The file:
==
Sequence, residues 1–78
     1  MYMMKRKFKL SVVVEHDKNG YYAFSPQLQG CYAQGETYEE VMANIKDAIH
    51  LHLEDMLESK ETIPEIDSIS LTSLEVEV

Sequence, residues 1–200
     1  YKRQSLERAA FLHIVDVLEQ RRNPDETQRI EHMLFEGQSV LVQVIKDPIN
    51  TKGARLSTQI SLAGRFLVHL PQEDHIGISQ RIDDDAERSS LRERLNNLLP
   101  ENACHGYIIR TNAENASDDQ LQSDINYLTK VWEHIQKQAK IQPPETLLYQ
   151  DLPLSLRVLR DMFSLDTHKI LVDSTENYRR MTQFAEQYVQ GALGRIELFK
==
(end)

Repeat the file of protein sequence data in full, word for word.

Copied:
Sequence, residues 1–78
     1  MYMMKRKFKL SVVVEHDKNG YYAFSPQLQG CYAQGETYEE VMANIKDAIH
    51  LHLEDMLESK ETIPEIDSIS LTSLEVEV

Sequence, residues 1–200
     1  YKRQSLERAA FLHIVDVLEQ RRNPDETQRI EHMLFEGQSV LVQVIKDPIN
    51  TKGARLSTQI SLAGRFLVHL PQEDHIGISQ RIDDDAERSS LRERLNNLLP
   101  ENACHGYIIR TNAENASDDQ LQSDINYLTK VWEHIQKQAK IQPPETLLYQ
   151  DLPLSLRVLR DMFSLDTHKI LVDSTENYRR MTQFAEQYVQ GALGRIELFK